Modern-Day Regulation: The Big Broom After the Circus Parade Passes

We are saddled with legislators and regulators who belatedly cobble together ineffective solutions for yesterday's problems. In the end, we get neither an ounce of prevention nor a pound of cure.
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I watched with disgust the ravages of Hurricane Katrina. A city and region were devastated first by a storm and then victimized by a lack of preparation and response. Those in charge of the emergency response seemed little more than political hacks and friends of friends in high places. Clearly, the Gulf Coast region would learn some lessons.

Now, amidst the BP oil leak -- a calamity of epic proportion -- the most charitable characterization of the so-called emergency response is that it is a deer caught in the headlights. You would think that there were some contingency plans on some shelf for this event. You know, maybe someone contemplated that another hurricane could topple an oil rig? Instead, in many ways, we are seeing a redux of the failed response to Katrina. In a time of crisis , those who should have drawn up earlier contingency plans are only now first setting up shop. You just get that sinking feeling in the pit of your stomach that everything is ad hoc.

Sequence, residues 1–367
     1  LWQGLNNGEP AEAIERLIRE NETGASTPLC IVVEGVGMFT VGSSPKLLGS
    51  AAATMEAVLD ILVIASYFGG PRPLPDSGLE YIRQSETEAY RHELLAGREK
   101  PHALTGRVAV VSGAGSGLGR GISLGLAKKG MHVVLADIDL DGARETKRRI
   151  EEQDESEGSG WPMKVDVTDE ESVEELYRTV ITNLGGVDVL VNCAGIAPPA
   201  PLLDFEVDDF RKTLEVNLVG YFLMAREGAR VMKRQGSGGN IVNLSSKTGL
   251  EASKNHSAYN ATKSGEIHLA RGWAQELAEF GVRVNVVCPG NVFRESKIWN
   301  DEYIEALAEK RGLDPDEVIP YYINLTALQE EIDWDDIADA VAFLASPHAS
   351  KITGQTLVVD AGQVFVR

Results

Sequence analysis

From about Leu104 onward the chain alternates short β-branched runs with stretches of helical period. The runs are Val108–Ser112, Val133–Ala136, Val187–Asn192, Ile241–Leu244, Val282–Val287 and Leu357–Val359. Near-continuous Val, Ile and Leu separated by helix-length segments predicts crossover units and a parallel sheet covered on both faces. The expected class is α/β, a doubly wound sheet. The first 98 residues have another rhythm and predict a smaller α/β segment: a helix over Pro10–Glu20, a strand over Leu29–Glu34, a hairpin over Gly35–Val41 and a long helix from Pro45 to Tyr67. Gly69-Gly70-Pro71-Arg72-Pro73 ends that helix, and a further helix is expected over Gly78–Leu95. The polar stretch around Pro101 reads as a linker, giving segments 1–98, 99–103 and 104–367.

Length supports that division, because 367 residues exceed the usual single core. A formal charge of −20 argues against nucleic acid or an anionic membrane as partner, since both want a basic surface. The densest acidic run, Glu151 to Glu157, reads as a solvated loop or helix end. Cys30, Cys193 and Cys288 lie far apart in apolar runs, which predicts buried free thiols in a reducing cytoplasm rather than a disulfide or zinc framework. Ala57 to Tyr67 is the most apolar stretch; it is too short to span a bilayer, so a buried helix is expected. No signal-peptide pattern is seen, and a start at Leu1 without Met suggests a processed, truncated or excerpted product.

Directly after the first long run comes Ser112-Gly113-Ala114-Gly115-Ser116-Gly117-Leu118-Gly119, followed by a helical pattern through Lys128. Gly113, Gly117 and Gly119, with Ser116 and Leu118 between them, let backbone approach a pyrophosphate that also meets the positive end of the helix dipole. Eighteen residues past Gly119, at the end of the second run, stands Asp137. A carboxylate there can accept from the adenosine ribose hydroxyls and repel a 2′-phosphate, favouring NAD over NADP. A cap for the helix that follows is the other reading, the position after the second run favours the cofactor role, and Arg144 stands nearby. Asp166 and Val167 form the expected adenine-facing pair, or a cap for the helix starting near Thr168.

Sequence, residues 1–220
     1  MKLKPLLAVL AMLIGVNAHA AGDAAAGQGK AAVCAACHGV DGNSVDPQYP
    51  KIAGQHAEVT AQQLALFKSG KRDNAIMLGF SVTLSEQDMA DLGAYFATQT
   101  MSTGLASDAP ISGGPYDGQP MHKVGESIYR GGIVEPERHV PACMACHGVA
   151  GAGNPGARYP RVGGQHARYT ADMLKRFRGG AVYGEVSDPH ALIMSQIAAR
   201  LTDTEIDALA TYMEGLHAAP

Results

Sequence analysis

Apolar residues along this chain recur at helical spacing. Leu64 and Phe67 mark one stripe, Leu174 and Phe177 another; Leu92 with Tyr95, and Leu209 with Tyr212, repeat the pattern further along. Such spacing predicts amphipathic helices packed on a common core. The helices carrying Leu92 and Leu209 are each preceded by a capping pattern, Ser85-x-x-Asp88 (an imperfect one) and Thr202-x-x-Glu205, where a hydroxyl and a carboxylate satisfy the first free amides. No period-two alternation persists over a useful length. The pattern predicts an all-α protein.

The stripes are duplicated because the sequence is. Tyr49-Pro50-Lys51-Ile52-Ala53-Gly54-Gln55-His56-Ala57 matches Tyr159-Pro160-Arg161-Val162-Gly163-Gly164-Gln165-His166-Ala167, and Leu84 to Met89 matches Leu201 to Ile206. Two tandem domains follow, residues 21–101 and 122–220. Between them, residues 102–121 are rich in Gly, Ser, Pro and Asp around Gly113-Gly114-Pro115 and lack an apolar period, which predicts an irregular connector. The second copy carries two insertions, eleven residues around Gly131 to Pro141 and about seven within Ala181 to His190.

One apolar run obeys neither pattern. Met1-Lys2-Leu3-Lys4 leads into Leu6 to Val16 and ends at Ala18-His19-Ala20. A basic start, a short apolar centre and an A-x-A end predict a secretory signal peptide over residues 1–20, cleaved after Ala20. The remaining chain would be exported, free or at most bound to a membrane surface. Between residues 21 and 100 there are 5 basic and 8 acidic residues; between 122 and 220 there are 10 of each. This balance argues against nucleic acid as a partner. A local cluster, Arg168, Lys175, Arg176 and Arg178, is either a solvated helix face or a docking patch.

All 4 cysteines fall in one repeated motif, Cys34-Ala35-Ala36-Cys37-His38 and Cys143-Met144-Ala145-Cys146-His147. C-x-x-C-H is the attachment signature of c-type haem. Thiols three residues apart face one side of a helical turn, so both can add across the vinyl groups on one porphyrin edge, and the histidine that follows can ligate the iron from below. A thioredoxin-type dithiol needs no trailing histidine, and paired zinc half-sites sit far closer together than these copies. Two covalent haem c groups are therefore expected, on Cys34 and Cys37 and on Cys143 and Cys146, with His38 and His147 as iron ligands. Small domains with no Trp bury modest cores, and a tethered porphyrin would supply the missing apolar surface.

Of course, what has been thought out and thought through is how to best spin the bad news. Oh, no doubt about it -- private enterprise and government always seem to have that knack for self-preservation. If I see one more self-serving television ad from BP, if I see one more politician in socks and shoes walking on the beach with his shirtsleeves rolled up, I'm going to throw my television remote through my screen. Don't these idiots get it? Disasters are not wonderful opportunities for a photo-op! Having set in motion the causes of this ecological disaster, BP wants me to thank them for giving folks shovels to clean the beaches? Having failed to timely respond to the leak with an effective containment plan, government officials want me to applaud their televised hearings?